Singing, Shipping and Scientology
He hasn’t sung since Grease, and he’s hardly danced - not
counting a few self-parodic moments in Pulp Fiction - since Staying
Alive. But John Travolta should be doing both in Standing Room Only,
in which he will play real-life lounge singer Jimmy Roselli.
The latter may not be a household name to you and me, but he was apparently much
appreciated by the mob, who packed his engagements at Vegas and elsewhere. Then Roselli
changed his mind, declared he wanted nothing more to do with organised crime, and ended up
with a price on his head.
That shouldn’t have come as much of a surprise to anybody. What is surprising,
though, is the director of Standing Room Only: Gus Van Sant, who was
apparently the choice of both Travolta and his manager (who is also the film’s
producer), Jonathan Krane. Van Sant’s days as a maverick indie look like being
definitively over, what with Good Will Hunting, Psycho and now
Co-starring in Standing Room Only is Kelly Preston, who will be working
with her husband for the first time since a long-forgotten 1989 flick called The
Experts, which came right at the lowest spot of Travolta’s decade in the
wilderness. At least he met his wife on it. The couple look like co-starring again later
in the year in the somewhat delayed movie version of Annie L Proulx’s
bestseller, The Shipping News.
In between, Travolta is expected to realise his decade-long dream of turning
Scientology founder L Ron Hubbard’s sci-fi tale, Battlefield
Earth, into a movie. The US$70-million film (which Roger Christian is to
direct for Franchise Entertainment) is about an alien invasion which drives the earthlings
underground - until, that is, they are rallied to a fightback under the command of a rebel
Strangely enough, however, the rebel leader is not the role Travolta has marked out for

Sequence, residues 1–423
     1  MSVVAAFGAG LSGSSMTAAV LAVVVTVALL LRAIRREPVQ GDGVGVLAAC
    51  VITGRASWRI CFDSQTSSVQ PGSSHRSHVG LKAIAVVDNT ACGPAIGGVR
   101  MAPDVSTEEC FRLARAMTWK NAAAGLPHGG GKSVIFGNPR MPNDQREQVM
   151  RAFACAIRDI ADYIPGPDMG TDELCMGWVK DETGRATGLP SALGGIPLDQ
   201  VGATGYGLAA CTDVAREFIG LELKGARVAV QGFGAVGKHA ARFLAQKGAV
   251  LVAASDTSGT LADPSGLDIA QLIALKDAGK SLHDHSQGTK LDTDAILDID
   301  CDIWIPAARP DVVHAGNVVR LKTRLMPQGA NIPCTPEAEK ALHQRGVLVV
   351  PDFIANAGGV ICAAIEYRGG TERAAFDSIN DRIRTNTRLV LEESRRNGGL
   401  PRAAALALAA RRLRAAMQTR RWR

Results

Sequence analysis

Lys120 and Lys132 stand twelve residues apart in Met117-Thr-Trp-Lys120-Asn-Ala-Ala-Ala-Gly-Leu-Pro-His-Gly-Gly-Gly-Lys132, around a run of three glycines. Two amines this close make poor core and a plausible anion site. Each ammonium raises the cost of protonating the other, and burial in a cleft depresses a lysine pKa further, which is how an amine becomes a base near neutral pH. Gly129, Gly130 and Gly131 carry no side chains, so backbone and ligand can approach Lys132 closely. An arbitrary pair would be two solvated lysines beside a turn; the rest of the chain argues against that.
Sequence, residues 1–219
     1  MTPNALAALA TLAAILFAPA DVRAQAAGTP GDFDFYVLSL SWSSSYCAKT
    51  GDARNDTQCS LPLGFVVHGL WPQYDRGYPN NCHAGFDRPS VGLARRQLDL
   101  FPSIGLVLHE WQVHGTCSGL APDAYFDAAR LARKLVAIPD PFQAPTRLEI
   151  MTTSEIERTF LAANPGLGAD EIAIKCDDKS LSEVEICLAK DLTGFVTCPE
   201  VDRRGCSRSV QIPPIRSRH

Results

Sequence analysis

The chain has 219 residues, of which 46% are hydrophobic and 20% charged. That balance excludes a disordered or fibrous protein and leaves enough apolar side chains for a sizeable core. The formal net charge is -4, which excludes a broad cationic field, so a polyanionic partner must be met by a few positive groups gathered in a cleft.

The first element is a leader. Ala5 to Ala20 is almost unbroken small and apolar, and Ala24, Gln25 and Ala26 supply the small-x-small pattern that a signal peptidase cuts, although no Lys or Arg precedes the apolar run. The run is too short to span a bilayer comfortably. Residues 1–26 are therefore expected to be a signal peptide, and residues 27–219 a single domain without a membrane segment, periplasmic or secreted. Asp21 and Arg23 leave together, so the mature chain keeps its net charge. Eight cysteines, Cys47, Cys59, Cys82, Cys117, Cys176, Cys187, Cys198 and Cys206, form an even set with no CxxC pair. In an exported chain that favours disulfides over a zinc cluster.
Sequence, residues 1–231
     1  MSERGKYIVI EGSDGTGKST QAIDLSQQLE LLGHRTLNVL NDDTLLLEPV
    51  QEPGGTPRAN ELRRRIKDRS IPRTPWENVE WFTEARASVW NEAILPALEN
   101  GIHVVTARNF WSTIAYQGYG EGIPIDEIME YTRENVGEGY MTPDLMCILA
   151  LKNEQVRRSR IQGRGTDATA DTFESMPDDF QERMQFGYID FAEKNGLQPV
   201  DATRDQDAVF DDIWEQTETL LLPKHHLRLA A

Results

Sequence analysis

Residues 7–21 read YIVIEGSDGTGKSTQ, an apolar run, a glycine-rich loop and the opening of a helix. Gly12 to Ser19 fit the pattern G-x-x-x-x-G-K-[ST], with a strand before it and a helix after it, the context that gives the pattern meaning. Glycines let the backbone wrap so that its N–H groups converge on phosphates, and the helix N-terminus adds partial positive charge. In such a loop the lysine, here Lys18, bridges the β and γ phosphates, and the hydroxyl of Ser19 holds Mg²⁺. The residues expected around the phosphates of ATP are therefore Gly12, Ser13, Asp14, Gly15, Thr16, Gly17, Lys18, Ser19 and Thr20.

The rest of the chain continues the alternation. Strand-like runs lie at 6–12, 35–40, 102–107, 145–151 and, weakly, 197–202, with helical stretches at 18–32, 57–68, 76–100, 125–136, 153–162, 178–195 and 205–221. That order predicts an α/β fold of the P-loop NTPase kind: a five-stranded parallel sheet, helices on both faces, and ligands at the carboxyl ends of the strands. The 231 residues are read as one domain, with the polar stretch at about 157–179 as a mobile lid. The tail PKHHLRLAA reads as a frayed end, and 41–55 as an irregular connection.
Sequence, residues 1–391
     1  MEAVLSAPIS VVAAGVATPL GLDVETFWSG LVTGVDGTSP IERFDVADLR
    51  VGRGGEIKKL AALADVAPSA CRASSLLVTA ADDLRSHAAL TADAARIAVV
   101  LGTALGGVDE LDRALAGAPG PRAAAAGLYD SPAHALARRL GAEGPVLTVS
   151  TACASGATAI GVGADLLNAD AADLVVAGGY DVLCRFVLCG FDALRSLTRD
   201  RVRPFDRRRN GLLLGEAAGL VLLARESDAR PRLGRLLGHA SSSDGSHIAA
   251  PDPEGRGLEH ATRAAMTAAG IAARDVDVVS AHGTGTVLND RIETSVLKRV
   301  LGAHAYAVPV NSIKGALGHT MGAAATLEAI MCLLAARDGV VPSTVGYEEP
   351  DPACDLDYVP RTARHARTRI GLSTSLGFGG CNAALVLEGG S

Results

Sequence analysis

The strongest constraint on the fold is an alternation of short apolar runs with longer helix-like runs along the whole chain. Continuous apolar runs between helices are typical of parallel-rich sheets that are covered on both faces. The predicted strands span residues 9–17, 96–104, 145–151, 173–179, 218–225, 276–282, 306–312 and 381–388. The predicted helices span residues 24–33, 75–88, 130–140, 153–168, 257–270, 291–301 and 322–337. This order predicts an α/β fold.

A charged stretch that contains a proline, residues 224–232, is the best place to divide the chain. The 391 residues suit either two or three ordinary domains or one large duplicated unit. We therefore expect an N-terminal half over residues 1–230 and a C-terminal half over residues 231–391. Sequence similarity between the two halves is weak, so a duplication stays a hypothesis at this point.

himself. He will play the big baddie: bad in that he is the leader of the race of the
aliens; big in that he is 10-foot-tall.
No More Mrs Nice Guy
Having departed sharply from her Merchant-Ivory image with last year’s The
Theory of Flight, in which she played a terminally ill wheelchair-bound woman
determined to lose her virginity before she dies, Helena Bonham Carter looks like
maintaining her hold on offbeat material with her next movie, Women Talking Dirty,
currently shooting in Edinburgh.
The film, which marks the long-awaited debut of Elton John’s
production company, Rocket Pictures (launched with a lot of fanfare at Cannes two years
ago), is about the unlikely friendship between two young Scottish women who support one
another whenever life deals either of them a problem - which is fairly frequently. It is
being directed by Coky Giedroyc, whose debut feature was the much-acclaimed 1996
low-budget Brit flick, Stella Does Tricks.
Above Him the Waves
Matthew McConaughey recently donned naval uniform to take command of
Universal’s U-571. This is not - as those familiar with studio methods
of listing projects may suspect - some far-distant future movie, but the actual name of
the German U-boat in the frequently delayed action flick with which writer/director Jonathan
Mostow is finally following up his hit thriller, Breakdown.
McConaughey plays the US navy captain who is sent to retrieve a decoding device hidden
aboard the stranded German submarine. Others aboard U-571, on which production
began in Rome and Malta at the turn of the year, include Harvey Keitel, Bill
Paxton, David Keith and Jake Weber.
Strange Diaz Indeed
Cameron Diaz has had a broad range of roles in recent times, but she’s never
played dead before. And that’s just what she is doing in Fine Line’s Invisible
Circus, which is shooting in France. The film is about a young woman heading off
to Paris to find out what happened to her sister (Diaz), who committed suicide there. Invisible
Circus will be directed by Adam Brooks, who also wrote the screenplay (adapted
from a novel by Jennifer Egan).
Carrey on Jim
Jim Carrey recently wrapped the Andy Kaufman biopic, The Man on the Moon,
directed by Milos Forman. He will be reteaming with the Peter and Bob
Farrelly (who directed him in Dumb and Dumber and did the same for
Diaz in Mary) for a film called Me, Myself and Irene, in which he
will play a Long Island cop with a dual-personality problem. As long as he keeps taking